By unanimous votes in both the Senate and Assembly, New York State lawmakers have approved legislation that keeps the Western New York Children's Psychiatric Center open. The biggest hurdle awaits: convincing Governor Andrew Cuomo to sign it.
State Senator Patrick Gallivan and Assemblyman Michael Kearns, both of whom represent West Seneca, where the Children's Psychiatric Center is located, appeared Friday morning to announce that the bill was on its way to the governor. The Senate approved legislation last week, while the Assembly followed with passage on Thursday.
The Cuomo Administration is pushing for a merger of the Children's Center with the Buffalo Psychiatric Center. Opponents of that plan say bringing young patients closer to adult patients puts the children in danger. Gallivan says the data shows the younger population is better treated in their own facility.
"The research shows that kids should be in a place like this," he said.
The Western New York Children's Psychiatric Center received a 99.9 percent rating by the Joint Commision on Accredited Health Care Organizations in 2012 and was recognized by that body as being among the top ten percent of accredited hospitals in the nation. Supporters of keeping the center open say it also has one of the lowest rates of readmission among centers of its kind.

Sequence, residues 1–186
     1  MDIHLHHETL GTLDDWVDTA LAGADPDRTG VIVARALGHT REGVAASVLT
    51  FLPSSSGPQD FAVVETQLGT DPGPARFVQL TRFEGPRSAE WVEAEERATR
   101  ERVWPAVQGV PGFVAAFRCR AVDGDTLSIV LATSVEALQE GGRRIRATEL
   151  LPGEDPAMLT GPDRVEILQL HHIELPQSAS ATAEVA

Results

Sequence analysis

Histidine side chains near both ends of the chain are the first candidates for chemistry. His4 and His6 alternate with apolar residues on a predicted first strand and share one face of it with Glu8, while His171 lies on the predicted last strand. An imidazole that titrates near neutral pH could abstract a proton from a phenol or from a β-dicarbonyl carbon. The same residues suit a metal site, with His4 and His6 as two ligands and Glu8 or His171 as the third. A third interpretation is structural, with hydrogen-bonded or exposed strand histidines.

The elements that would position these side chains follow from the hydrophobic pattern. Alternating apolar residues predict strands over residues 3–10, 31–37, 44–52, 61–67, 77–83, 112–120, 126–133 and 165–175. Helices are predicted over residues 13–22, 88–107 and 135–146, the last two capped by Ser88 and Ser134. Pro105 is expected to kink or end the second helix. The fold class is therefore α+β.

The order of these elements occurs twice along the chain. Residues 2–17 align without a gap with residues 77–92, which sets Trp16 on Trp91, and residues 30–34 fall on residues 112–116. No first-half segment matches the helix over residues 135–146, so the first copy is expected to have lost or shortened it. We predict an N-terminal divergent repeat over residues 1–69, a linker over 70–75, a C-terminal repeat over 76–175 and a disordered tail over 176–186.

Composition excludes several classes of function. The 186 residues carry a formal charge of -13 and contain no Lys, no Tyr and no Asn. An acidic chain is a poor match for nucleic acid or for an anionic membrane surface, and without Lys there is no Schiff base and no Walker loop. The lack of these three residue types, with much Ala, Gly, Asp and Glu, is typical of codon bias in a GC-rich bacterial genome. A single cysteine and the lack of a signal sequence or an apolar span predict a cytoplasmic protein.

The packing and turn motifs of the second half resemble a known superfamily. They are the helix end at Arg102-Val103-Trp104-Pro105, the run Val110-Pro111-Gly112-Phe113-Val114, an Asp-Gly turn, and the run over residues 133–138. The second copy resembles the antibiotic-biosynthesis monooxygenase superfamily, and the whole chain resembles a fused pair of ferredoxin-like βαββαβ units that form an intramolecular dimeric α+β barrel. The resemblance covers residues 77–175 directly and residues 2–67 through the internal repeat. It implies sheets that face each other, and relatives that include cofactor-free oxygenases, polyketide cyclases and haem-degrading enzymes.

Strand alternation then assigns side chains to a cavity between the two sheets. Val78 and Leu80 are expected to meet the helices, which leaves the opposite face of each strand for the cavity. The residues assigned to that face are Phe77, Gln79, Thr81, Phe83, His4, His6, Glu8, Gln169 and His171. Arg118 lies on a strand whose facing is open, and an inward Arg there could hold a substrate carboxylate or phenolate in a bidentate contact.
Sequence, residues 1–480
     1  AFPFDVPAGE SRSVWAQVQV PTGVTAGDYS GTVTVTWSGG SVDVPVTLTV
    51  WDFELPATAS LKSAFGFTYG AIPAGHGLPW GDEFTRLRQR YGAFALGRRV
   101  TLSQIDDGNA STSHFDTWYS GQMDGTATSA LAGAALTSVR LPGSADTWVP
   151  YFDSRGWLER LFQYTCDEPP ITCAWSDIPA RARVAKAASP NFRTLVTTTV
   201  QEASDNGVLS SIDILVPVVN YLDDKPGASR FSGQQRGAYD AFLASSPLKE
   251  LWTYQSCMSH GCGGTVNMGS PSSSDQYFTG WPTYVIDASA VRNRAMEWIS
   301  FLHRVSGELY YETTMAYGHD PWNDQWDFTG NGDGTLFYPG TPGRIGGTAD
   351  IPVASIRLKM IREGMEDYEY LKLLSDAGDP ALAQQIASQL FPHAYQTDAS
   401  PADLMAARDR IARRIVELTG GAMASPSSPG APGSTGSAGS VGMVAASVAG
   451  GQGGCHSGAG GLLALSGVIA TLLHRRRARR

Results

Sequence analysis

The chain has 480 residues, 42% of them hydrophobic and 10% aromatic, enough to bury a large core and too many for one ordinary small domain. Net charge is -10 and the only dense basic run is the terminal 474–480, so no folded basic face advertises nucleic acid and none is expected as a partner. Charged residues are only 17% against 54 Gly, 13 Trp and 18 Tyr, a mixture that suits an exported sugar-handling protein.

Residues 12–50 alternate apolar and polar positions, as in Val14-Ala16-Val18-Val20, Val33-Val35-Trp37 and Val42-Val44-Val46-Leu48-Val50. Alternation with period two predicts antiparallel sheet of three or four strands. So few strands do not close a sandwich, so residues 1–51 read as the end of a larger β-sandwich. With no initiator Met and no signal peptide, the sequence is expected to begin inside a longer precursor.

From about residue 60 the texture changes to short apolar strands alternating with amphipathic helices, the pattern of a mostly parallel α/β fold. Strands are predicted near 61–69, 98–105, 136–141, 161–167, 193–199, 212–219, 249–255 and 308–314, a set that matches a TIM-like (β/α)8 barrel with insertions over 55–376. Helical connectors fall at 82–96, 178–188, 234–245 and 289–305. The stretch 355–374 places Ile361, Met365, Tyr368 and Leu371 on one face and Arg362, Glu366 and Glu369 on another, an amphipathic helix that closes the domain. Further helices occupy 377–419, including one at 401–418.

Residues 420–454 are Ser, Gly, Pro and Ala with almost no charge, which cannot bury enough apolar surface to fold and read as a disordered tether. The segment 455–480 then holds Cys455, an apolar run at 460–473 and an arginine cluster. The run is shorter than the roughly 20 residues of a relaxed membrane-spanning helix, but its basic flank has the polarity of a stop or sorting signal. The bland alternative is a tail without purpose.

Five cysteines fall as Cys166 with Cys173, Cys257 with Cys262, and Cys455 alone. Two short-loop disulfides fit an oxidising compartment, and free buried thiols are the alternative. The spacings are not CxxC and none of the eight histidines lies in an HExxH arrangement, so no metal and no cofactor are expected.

Kearns urged the governor to "save the children" by signing the legislation.
"We're asking people to contact the governor's office," he said. "You can go to my website, my Facebook page or website, to get the governor's telephone number. You could email him."
Construction is already underway for the proposed children's space at the Buffalo Psychiatric Center but Gallivan suggested what he believes is a better use for it. He recommends it become a space for opioid addiction treatment.
"There's an alcohol treatment center on that campus that is very well respected," Gallivan said. "That would be the ideal place to continue the construction but do the construction so we can help some of these other families that are affected by the heroin and opioid crisis."
Both lawmakers say there have been no formal talks about overriding a veto, but if Governor Cuomo rejects this bill, leaders of both houses could anticipate requests to pursue an override.